Inadequate Contract Records Related to the Capital Fund Program and CFFP

               Contrary to regulations at 24 CFR (Code of Federal Regulations) 85.36(b)(9), the
               Authority did not have documentation to show that it complied with applicable
               procurement requirements for executed contracts for the Capital Fund program
               and CFFP. Specifically, it did not always maintain complete records to show the
               history of its procurement contracts. We initially requested contract registers
               from Authority officials; however, they did not have contract registers and created
               one while we were at the site. We requested 6 of 23 contract files to review for
               the regular Capital Fund program. Five of the six contract files selected were
               missing contract agreements, cost estimates, evaluation of bids, etc., and two of
               the six contract files did not contain supporting documentation. Therefore, the
               Authority could not assure HUD that these contracts were procured in the most
               economical and efficient manner. The five regular Capital Fund program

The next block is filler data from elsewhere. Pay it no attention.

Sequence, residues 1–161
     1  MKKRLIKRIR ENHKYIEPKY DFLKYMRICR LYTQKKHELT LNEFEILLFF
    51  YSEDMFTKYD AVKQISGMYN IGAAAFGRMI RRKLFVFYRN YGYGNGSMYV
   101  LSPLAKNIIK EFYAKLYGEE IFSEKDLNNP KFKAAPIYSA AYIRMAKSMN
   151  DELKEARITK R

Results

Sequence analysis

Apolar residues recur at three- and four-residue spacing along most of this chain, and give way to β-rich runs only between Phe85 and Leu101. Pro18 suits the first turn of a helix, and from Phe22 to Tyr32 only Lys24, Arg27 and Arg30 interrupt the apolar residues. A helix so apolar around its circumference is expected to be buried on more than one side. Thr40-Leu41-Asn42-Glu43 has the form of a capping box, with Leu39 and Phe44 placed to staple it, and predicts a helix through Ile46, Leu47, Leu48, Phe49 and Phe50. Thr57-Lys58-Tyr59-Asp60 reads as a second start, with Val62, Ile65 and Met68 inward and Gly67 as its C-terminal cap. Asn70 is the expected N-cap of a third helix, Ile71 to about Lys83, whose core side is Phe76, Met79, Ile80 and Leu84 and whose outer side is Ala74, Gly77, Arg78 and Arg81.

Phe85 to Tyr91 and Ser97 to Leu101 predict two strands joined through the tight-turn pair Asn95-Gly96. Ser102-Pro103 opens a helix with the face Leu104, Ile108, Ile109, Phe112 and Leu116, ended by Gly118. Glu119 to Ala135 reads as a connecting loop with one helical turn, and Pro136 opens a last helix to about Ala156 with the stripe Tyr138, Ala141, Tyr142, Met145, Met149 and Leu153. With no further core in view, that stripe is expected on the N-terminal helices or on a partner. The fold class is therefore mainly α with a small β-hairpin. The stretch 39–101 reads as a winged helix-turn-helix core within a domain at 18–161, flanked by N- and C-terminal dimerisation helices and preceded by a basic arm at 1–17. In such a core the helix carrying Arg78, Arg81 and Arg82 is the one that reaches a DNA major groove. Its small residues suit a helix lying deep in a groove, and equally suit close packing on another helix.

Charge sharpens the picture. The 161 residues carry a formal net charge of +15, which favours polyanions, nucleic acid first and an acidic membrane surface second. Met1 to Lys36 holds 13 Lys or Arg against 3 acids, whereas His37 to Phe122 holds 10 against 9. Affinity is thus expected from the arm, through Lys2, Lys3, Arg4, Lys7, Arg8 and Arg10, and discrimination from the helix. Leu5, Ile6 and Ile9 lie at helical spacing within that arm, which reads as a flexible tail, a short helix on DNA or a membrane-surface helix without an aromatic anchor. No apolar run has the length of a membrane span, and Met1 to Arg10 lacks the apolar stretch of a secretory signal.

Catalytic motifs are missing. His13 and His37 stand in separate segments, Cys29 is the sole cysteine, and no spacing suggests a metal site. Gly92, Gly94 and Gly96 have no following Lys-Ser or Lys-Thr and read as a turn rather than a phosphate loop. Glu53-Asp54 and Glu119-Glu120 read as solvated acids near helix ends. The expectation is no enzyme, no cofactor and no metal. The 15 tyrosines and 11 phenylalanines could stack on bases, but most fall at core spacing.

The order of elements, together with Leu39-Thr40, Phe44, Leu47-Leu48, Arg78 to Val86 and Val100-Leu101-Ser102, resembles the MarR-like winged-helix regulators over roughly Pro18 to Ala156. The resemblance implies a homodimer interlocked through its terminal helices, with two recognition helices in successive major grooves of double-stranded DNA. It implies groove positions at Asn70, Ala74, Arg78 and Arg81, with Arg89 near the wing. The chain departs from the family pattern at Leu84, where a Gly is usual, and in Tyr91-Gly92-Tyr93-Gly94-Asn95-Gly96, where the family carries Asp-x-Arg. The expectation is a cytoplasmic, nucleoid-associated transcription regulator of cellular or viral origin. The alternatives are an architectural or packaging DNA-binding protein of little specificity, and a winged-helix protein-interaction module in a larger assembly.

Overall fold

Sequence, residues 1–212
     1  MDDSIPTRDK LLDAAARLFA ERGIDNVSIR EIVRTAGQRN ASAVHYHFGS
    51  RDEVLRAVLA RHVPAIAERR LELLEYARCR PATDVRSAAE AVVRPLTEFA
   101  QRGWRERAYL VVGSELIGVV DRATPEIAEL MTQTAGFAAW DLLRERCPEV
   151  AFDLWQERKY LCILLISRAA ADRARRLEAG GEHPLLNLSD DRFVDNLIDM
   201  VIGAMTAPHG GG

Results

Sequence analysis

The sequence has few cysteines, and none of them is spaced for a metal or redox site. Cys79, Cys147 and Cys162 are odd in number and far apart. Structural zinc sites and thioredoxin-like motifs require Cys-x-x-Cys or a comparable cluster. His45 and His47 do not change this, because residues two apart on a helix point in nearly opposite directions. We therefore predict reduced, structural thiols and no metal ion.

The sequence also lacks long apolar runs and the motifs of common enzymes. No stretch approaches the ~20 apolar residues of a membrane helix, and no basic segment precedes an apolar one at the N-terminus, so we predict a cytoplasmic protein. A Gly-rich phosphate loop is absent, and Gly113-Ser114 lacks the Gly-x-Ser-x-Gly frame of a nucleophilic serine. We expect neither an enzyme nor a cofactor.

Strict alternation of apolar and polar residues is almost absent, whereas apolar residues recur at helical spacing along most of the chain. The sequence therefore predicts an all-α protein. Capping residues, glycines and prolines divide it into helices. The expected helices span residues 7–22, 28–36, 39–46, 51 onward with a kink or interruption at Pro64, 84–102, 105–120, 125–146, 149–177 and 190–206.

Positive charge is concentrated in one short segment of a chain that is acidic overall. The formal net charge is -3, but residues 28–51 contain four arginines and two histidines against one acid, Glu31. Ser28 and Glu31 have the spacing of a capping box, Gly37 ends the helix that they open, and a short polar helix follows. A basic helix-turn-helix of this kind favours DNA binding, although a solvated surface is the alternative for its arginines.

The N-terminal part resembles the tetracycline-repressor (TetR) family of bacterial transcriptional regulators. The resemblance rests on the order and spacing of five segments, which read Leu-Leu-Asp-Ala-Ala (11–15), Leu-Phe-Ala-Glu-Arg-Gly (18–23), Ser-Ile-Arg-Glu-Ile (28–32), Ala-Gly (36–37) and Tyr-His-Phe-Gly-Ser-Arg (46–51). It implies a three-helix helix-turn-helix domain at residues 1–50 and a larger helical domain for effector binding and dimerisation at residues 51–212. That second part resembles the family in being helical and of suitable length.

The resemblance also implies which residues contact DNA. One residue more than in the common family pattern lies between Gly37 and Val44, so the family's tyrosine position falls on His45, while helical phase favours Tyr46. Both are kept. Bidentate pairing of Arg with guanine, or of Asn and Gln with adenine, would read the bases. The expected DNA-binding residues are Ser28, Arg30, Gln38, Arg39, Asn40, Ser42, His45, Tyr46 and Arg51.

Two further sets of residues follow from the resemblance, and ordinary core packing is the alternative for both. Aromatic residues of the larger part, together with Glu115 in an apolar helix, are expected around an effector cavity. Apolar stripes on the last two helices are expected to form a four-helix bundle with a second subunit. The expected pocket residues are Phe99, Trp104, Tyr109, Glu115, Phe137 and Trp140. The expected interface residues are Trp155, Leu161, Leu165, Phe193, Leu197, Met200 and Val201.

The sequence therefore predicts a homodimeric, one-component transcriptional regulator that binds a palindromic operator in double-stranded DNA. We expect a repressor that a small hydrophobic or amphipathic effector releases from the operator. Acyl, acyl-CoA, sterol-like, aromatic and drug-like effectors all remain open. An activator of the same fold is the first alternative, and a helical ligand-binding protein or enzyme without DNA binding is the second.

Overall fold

contracts without adequate supporting documentation were valued at $146,890
               ($19,800 + $30,000 + $28,000 + 34,530 + $34,560).

               Review of the three contract files for the CFFP revealed that the files obtained did
               not contain all required documents. The contract files were missing cost
               estimates, evaluation of bids, contract agreements, etc. According to regulations
               at 24 CFR 85.36(b)(9), the grantee and subgrantee will maintain records sufficient
               to detail the significant history of a procurement. These records will include but
               are not necessarily limited to the following: rationale for the method of
               procurement, selection of contract type, and contractor selection or rejection and
               the basis of the contract price. As a result of the inadequate records maintained,



                                                5
there was no assurance that goods and services were obtained in the most
economical or efficient manner in compliance with procurement requirements.
Therefore, we questioned the capital funds disbursed related to these contracts
pending HUD’s determination of the eligibility and reasonableness of these
amounts.

Under the CFFP, a public housing authority may borrow private capital to make
improvements and pledge a portion of its future-year annual capital funds to make
debt service payments. Although the three CFFP contracts were valued at more
than $4.9 million, during fiscal years 2004 through 2009, the trustee for the CFFP
disbursed more than $5.5 million, of which approximately 88.66 percent related to
these three contracts. Therefore, since more than $1.9 million was paid from the
Capital Fund program to cover the debt service related to capital fund financing